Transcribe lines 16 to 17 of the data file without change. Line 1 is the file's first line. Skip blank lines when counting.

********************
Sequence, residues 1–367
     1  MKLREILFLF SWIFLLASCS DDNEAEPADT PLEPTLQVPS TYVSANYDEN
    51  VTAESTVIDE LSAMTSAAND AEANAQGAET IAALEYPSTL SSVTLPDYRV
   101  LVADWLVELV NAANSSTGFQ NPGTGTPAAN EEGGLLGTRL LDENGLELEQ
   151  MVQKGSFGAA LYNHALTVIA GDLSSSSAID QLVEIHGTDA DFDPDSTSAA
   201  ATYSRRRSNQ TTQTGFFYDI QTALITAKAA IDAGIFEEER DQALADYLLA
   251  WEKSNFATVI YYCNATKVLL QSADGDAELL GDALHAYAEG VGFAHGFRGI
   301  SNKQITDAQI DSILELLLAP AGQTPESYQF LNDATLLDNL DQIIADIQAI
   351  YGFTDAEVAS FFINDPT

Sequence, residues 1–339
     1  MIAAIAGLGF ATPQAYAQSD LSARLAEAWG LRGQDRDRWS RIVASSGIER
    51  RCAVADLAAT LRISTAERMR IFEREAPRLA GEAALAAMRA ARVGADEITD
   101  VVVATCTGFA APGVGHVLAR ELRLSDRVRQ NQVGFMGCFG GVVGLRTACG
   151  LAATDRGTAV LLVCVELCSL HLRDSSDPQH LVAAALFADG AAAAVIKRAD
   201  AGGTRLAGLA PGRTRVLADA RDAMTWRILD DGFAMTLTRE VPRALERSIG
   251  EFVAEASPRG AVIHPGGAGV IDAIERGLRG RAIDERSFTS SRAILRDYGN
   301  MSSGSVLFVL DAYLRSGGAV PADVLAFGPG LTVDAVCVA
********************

   251  EFVAEASPRG AVIHPGGAGV IDAIERGLRG RAIDERSFTS SRAILRDYGN
   301  MSSGSVLFVL DAYLRSGGAV PADVLAFGPG LTVDAVCVA